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Out and About: An email from Switzerland

Nov 22, 2021

Out and About is a column where we chat with people who are currently living abroad, or who lived and worked there. This week we chat with Mahetgepraats Michelle Vosloo in Switzerland.

Where do you live and why there?

We live in beautiful Switzerland, a place full of lakes, mountains, adventures, and delicious cheese and chocolate. Since my employer’s head office is located here, they invited us a few years ago to accept a job opportunity here.

Was it a big adjustment?

Many people think the grass is greener on the other side of the fence. The truth is that the grass is green everywhere, it is only the colour and scent that differ. The adjustment was probably more challenging because the people here speak French. But because we are people who love the outdoors, it was also full of adventures. The biggest challenge is to start over with the most important lifeline, your people. Family is far away, and you never stop missing them, but building new networks and friendships takes at least nine months. Thankfully God places family all over the world through His church and that made it easier to meet other Christians and South Africans and make friends. When you are overseas, your friends become your family.

You have an Instagram profile / web page titled Ma het gepraat. Why do you use this name?

The name: We all know that when your mom has spoken, she has spoken! It implies that we can talk about anything online these days, but you still need to remember the voice of your mother as well as your own voice as a mother, when “Mom has spoken”.

Do you feel that expat moms have a sufficient support base abroad?

No support can take away your own mother’s support and unless the whole family moved overseas, there will always be a void. The rest of the answer depends on where you live. In Switzerland, for instance, there is a lot of help for mothers who give birth. Midwives can visit you at home, you can stay in hospital for up to seven days if you want and everything is organised to be child-friendly. There are even play parks in some trains.   

Do you have any advice for mothers with small babies who emigrate?

Personally, I would wait for a while before emigrating with a small baby. It is a huge adjustment for the mommy and the new family to welcome a new little person and go through the emigration process, and it can be emotionally challenging. If circumstances allow it, I would give myself two years before taking on the emigration process. If that is not possible, and there is a possibility that a grandparent can come over for an extended visit, that is something I would recommend. You need people around you, you do not get enough sleep and it is a huge challenge, all of this while this is an experience you want to enjoy while putting in your best effort.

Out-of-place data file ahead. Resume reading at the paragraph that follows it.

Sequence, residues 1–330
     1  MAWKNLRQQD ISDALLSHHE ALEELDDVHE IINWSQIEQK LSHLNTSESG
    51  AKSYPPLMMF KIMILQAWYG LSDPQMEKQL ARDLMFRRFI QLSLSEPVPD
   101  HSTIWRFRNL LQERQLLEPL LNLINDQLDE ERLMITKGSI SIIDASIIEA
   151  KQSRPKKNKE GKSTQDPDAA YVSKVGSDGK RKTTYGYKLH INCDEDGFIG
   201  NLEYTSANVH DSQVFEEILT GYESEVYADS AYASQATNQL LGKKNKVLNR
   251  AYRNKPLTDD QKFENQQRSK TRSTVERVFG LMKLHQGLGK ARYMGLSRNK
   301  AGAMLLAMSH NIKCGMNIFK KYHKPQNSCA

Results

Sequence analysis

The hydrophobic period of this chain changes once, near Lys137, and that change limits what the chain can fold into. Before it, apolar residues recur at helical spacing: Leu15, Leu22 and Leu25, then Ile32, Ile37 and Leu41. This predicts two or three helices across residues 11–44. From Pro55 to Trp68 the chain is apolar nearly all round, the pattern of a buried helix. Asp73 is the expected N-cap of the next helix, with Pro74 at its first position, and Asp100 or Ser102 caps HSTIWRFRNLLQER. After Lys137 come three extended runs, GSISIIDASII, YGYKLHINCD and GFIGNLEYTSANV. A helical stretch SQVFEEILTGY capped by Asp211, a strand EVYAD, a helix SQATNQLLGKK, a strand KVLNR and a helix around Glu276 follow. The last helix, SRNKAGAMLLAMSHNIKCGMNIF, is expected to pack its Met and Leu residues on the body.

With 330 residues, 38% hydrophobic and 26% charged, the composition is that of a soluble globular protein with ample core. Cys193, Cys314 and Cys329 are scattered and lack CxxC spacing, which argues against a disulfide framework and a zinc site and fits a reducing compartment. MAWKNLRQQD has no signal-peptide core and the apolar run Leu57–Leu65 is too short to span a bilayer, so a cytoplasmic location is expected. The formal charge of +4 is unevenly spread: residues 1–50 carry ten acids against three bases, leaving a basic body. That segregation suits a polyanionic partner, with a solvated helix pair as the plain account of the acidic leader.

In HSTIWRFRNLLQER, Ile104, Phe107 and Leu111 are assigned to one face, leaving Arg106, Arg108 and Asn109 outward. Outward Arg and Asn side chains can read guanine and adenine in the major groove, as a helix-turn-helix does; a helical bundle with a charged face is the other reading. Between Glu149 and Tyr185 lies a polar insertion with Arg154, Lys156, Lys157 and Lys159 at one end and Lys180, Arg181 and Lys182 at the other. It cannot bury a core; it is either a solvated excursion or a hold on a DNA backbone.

What do you do to relax on weekends in Switzerland?

Switzerland offers everything for children and nature lovers. You can get to the mountains within under an hour to ski, there are cycling routes and forests all around you and you are only five minutes away from the lake if you want to go for a swim. You are surrounded by beautiful parks and adventure spots for children around every corner. It is super safe, so you can just enjoy yourself in the outdoors. Despite the fact that things are expensive, there are many things you can do for free in the outdoors.

What do you miss the most?

Obviously, you miss your loved ones, but apart from them: the Bushveld! We were privileged to live in Sabie before we moved here, so I miss the wildness, the Kruger and walking barefoot.

Is it expensive to live there?

Switzerland is very expensive. Your salary enables you to live a comfortable life, but there are many luxuries one has to give up. Housekeepers, gardeners and childcare are almost unaffordable, which means that in many cases there is only one working parent because childcare is almost as much as a working person’s salary.  

What is your favourite dish you learned to make in Switzerland?

Fondue! I have always loved cheese and chocolate, so it was not that difficult to get used to and it is absolutely delicious.

Where in South Africa are you from and why have you decided to move overseas?

I am originally from Johannesburg, but my heart will always be in Sabie and the Lowveld where we fell in love, set up house and started a family. If anybody asks, I’m from there! I love South Africa, it is the land of my skull and the country that nurtured me as a child and gave me the training, wisdom and experience I have today. Our move to Switzerland was the result of a job opportunity and six years later we are still experiencing and enjoying this wonderful adventure.

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